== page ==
What happens to your body when you stop exercising during holidays
If you decided to stop working out during these long winter holidays, you might want to reconsider. The first negative changes in your body start happening 10-14 days after you completely stopped exercising. The good news is these changes are reversible.
1. Decrease of the body mass and muscle strength
Without training, the muscles lose their ability to accumulate glycogen, a source of power, which your body doesn’t need in a resting state. In other words,your body can lie on the couch watching movies with less muscle bulk.
2. Decrease of strength and overall endurance
After just 14 days, you might have a hard time climbing a flight of stairs or keeping up with your colleagues during a soccer game. You may blame laziness for that, but you feel exhausted because the stores of glycogen in your muscles have been decreased. In order not to overexercise (which is actually even worse), you need to restore your glycogen levels gradually. Even if you don’t notice a change in your speed or strength, you might experience a sharp rise in your blood pressure and blood glucose levels.
3. Changing of fat/muscles ratio
Your clothes might still fit you just fine, but don’t get too excited about it. When you lose muscle mass, especially if you’re consuming too many calories, it will inevitably lead to increasing fat mass. Plus, your skin health will worsen, too. Even elite athletes aren’t immune to these changes.A 2012 study in the Journal of Strength and Conditioning Research found that competitive swimmers who took a five-week break from their training experienced a 12% increase in their levels of body fat, and saw a boost in their body weight and waist circumference. Keep in mind that they weren’t totally sedentary,they still did some light and moderate exercise! Another study found that elite Taekwondo athletes who took an eight-week hiatus from exercise experienced an increase in their levels of body fat and a decrease in muscle mass, too.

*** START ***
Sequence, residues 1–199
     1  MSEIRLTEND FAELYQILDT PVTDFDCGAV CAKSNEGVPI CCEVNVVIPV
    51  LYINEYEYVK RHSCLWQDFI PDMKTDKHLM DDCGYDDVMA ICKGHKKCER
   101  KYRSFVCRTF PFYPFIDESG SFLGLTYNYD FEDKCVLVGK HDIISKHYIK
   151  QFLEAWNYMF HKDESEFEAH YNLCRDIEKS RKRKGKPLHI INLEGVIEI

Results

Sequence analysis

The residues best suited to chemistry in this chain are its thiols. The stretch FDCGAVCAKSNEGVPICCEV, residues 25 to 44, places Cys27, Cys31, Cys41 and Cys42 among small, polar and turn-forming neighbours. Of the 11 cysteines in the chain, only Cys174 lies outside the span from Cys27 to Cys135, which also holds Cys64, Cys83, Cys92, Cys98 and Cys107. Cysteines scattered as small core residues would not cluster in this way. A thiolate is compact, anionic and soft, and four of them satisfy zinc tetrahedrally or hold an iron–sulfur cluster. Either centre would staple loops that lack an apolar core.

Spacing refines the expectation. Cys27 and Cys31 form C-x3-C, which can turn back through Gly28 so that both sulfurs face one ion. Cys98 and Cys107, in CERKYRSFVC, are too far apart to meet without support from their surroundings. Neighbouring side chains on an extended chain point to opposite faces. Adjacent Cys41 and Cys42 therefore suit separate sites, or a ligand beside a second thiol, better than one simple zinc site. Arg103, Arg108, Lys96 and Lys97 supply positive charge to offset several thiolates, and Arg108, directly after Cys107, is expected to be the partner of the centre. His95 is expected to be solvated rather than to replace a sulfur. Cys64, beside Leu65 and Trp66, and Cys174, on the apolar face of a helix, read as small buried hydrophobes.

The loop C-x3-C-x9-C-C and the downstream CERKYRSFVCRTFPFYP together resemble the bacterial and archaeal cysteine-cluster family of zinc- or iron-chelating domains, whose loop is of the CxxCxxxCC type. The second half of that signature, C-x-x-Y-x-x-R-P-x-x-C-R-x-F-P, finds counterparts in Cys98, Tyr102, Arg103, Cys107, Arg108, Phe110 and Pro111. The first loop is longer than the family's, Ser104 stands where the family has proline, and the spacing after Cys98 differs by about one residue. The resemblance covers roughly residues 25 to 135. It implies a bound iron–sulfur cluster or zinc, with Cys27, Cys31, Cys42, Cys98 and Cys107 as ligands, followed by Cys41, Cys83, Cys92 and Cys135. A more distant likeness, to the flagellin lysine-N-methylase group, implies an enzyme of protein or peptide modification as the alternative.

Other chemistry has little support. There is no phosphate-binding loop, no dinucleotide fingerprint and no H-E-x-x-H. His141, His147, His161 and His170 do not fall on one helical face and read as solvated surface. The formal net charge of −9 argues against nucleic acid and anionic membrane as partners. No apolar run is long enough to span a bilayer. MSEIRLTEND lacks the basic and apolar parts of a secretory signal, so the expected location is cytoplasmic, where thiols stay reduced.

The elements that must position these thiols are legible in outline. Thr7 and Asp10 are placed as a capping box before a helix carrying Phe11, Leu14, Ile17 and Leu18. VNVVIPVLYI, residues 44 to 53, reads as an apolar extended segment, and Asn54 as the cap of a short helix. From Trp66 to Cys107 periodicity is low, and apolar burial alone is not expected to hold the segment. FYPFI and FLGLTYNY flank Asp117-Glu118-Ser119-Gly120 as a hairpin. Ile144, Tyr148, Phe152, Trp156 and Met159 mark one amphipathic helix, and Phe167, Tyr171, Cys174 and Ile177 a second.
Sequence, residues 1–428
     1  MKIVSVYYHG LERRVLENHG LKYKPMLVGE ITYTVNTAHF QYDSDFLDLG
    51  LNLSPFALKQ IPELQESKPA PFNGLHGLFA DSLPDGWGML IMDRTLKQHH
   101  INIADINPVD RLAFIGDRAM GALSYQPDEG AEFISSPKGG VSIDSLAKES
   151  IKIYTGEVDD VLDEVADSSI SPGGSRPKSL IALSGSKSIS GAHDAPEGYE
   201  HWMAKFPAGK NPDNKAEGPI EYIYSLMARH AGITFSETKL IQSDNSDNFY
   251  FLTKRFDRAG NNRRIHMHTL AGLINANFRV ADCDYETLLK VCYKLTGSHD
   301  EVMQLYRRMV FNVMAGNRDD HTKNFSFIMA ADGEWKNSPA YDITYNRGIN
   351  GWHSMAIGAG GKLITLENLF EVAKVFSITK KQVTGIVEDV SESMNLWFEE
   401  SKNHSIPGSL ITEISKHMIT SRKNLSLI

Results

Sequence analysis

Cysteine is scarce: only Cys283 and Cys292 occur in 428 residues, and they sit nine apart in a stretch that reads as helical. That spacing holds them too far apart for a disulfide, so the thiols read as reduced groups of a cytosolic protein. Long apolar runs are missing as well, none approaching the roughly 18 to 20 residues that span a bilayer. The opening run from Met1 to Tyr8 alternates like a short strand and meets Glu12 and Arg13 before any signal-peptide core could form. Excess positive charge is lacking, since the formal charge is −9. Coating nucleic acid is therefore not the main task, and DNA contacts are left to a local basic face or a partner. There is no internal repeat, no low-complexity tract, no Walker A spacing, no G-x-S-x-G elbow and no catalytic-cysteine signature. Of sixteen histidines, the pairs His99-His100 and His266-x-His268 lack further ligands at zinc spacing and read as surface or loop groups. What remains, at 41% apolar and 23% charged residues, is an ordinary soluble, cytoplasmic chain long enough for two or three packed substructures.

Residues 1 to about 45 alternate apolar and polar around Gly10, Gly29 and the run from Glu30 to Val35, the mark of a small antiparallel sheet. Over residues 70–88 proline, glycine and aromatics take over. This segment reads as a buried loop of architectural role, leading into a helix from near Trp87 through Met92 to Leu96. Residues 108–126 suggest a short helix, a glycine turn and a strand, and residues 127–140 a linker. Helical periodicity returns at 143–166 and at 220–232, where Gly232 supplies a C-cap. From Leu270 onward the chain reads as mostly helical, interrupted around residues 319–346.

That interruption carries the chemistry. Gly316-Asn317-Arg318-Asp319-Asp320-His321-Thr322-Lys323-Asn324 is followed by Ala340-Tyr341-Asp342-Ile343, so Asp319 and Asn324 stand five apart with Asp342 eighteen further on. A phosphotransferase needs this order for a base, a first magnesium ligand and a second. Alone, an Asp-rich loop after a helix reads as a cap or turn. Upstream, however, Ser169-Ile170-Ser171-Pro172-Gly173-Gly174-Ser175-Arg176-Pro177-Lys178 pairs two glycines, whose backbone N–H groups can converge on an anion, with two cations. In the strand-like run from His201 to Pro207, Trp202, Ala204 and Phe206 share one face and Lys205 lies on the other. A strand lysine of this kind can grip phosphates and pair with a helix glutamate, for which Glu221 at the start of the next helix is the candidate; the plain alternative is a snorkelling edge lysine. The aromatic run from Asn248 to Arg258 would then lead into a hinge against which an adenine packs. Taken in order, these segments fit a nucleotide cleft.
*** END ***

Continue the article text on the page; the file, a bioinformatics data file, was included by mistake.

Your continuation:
4. Impairment of motion coordination and losing of motor skills
About a month later (some people may experience this earlier depending on their level of training), alterations in nervous system start happening. During exercising a lot of motor neurons connect to the muscles. These neurons die when not involved, so the movements become less accurate. So don’t be surprised when you won’t be able to do squatting on an unstable surface, after a long break. And speaking about nervous system – the longer you postpone getting back to trainings, the more difficult it will be to do that.
5. Decrease of heart work efficiency
One of the most essential benefits you get from a regular exercising is a healthy heart, which becomes bigger, its walls thicken, and a heart rate resting and when active decreases. Of course, the structure of a cardiac muscle won’t change in a month, but you’ll feel some alterations in a work of cardiovascular system: high heart rhythm, light arrhythmia, apnoea and unstable breathing.
6. Changes in thework of your brain
According to a new study published in the journal Frontiers in Aging Neuroscience, even a short break from your workout might cause changes to the brain, in particular a reduction in blood flow to the hippocampus, the part of the brain that’s associated with memory and emotion.
What can you do to prevent all of these negative changes in your body? Don’t ditch training completely. Do some type of activity every day.Just make your training routine easier, exercise at home without weight – the point is not to allow yourself resting more than 10 days, and your body will thank you for that.
And a little advice: after a long break (more than 10 days), reduce the amount of exercising in half, until you get into shape again.